Against this background, this workshop explored the role of consumption-based accounting in the context of international climate negotiations, examined potential policy instruments to tackle consumption-related emissions in key sectors, and discussed ways to overcome implementation barriers for consumption-based climate policies. It further explored the effect of the inclusion of consumption on supply chains and trade.

The workshop was organised by the Consortium of the Carbon-Cap project - a research project ICTSD participates in, which is funded by the EU Commission. The Consortium is composed of leading experts in climate policy, economics, environmental research, and modelling. 

About the Carbon-Cap project

The Carbon-CAP* project (Carbon emission mitigation by Consumption-based Accounting and Policy), funded by the European Union, addresses the vexed issue of consumption-based carbon accounting and policies. It aims to stimulate an effective climate policy mix - in the EU and internationally - that can address increasing consumption-related emissions in addition to the current focus on production emissions. It combines work on accounting models with cutting-edge policy research. For more information, please visit the Carbon-Cap website.

*The Carbon-Cap project receives funding from the European Union's Seventh Programme for research, technological development and demonstration under grant agreement No 603386.

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Place: 
Geneva, Switzerland
Event type: 
Our events
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No
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Exploring the trade impacts of consumer-facing climate policiesPolíticas climáticas orientadas al consumidor y sus impactos comerciales
Main Tag: 
Event
Language: 
English
Partners: 

The side-event is organised by the Carbon-Cap consortium:

Date period: 
Thursday, 8 October 2015 - 2:39pm

Carbon emissions embodied in internationally traded goods and services are growing. Current national and regional climate policies focus however primarily on production-based approaches. Consumption-based Accounting and Policy (CAP) measures can help address carbon embedded in international trade and consumption as a driver of increasing GHG emissions in order to drive more effective and ambitious mitigation.

Therefore, consumption-based approaches can play a positive role in complementing existing production-focused mitigation efforts. However, measuring and accounting of consumption-related emissions is complex. There is also a lack of reliable information about the effectiveness and feasibility of consumer-facing policy instruments.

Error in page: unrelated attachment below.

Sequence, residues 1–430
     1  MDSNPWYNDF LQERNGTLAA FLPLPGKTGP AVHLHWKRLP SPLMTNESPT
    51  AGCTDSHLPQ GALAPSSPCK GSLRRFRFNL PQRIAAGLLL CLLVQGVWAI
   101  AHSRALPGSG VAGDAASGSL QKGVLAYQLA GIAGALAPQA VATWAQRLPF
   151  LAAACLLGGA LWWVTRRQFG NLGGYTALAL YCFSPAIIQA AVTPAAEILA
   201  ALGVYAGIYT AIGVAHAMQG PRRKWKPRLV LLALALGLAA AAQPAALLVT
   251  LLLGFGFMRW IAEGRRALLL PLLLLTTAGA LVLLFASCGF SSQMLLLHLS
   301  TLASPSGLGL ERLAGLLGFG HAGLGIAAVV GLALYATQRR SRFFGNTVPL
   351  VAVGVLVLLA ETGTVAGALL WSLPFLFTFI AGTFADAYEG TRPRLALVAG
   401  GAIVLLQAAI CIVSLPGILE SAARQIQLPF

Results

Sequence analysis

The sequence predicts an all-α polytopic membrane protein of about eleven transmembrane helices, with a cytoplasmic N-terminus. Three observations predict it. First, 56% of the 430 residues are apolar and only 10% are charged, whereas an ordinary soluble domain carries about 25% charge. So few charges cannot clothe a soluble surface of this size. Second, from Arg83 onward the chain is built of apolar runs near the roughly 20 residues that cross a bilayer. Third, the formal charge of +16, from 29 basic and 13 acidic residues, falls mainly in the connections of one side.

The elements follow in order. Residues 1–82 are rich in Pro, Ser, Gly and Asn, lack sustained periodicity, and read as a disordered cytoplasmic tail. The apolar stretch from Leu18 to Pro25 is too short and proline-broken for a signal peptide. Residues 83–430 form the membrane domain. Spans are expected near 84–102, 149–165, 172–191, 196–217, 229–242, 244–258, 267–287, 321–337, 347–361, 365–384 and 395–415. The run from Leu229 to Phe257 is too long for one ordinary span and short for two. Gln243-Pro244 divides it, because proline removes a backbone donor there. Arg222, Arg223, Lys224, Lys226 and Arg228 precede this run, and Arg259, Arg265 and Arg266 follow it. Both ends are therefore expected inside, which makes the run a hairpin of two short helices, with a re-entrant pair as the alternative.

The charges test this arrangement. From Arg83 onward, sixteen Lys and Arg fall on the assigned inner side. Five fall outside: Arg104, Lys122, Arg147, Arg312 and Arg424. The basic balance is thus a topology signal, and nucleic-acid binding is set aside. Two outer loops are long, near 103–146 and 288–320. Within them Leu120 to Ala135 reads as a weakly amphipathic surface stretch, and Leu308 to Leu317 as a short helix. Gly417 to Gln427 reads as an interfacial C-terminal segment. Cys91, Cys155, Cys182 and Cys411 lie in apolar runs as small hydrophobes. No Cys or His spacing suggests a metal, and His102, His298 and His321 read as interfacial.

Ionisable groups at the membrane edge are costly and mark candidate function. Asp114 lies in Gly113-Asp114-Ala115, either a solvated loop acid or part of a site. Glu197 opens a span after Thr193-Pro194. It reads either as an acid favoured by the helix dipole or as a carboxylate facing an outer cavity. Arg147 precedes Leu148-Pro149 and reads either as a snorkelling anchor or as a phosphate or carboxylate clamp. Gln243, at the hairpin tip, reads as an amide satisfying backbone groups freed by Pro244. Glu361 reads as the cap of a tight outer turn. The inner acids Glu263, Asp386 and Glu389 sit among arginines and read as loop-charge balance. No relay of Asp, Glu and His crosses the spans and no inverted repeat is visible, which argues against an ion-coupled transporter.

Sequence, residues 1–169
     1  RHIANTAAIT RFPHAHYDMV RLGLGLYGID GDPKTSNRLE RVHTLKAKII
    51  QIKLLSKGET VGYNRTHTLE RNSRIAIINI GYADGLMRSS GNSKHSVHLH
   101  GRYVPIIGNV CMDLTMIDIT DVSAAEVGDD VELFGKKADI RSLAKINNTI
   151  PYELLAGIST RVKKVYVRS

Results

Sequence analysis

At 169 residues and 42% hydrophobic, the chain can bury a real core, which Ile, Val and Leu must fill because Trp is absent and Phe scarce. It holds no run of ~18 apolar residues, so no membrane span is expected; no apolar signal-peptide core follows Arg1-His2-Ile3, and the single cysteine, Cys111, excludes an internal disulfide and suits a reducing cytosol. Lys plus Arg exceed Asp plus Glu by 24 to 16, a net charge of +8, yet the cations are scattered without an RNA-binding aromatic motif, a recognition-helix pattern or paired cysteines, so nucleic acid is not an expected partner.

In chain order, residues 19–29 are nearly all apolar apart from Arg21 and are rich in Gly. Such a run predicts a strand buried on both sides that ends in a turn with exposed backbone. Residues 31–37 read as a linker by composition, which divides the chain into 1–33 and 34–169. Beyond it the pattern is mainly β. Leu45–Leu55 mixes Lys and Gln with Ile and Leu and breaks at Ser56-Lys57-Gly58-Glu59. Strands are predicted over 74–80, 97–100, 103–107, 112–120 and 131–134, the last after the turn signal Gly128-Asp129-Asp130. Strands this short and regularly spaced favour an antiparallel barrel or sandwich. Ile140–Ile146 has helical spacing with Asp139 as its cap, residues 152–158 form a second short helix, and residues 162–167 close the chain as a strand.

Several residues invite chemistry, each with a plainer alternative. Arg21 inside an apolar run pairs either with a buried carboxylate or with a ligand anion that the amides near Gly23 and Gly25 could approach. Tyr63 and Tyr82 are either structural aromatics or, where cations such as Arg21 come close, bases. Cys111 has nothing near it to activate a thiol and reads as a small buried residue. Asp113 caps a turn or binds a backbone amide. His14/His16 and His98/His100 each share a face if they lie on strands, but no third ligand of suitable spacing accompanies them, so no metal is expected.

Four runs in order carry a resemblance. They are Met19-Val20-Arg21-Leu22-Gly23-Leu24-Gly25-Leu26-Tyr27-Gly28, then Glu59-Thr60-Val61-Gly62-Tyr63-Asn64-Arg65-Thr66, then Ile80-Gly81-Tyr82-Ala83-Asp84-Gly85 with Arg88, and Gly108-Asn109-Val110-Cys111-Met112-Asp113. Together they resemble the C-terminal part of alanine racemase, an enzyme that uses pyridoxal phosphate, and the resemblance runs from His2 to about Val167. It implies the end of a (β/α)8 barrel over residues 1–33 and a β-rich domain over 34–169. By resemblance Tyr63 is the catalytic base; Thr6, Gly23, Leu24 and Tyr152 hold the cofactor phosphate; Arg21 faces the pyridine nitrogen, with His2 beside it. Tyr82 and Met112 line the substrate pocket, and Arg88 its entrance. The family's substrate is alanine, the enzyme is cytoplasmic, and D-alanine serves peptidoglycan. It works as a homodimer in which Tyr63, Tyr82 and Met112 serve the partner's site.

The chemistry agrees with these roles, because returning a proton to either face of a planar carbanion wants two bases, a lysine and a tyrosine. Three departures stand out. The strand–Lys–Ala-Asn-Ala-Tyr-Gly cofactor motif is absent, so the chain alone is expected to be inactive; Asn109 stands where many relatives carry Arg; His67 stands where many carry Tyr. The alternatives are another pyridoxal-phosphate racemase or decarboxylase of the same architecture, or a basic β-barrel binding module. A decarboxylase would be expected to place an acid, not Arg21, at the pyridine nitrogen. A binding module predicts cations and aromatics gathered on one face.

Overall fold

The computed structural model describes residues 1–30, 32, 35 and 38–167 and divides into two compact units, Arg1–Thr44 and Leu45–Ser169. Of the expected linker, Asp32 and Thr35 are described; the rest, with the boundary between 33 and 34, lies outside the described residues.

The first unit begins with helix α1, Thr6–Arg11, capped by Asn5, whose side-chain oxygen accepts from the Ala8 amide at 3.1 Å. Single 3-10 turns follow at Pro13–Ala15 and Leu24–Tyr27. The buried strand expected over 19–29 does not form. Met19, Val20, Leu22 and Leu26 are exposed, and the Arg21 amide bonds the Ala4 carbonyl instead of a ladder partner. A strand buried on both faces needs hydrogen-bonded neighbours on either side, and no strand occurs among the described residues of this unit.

Against this background, this side-event explored the issue of consumption-based accounting in the context of international climate negotiations and discussed potential policy instruments to address consumption-related emissions. The speakers presented amongst others an assessment of the likely success of different potential consumer-facing policy instruments. This included a consideration of implications for international trade.

A brief summary of the event can be found in the Earth Negotiations Bulletin (ENB).

The event was organised by the Consortium of the Carbon-Cap project*. This 3-year project aims to stimulate an effective climate policy mix - in the EU and internationally - that can address increasing consumption-related emissions in addition to the current focus on production emissions. It combines work on accounting models with cutting-edge policy research. 

*The Carbon-Cap project receives funding from the European Union's Seventh Programme for research, technological development and demonstration under grant agreement No 603386. 

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Place: 
Bonn, Germany
Event type: 
Our events
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Promote to homepage: 
Yes
Main Tag: 
Event
Language: 
English
Partners: 

The side-event is organised by the Carbon-Cap consortium:

Practical info: 

Date: 10 June 2015

Time: 15:00-16:30

Participants must have accreditation for the UNFCCC Bonn Climate Change Conference.

Date period: 
Wednesday, 10 June 2015 - 2:40pm